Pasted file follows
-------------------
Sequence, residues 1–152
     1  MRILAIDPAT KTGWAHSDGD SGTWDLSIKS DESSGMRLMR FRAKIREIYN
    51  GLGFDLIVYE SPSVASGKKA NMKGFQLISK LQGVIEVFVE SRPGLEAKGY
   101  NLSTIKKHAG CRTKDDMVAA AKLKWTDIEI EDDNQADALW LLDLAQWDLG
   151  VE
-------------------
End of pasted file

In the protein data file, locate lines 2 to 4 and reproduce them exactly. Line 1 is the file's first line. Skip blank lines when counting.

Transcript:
     1  MRILAIDPAT KTGWAHSDGD SGTWDLSIKS DESSGMRLMR FRAKIREIYN
    51  GLGFDLIVYE SPSVASGKKA NMKGFQLISK LQGVIEVFVE SRPGLEAKGY
   101  NLSTIKKHAG CRTKDDMVAA AKLKWTDIEI EDDNQADALW LLDLAQWDLG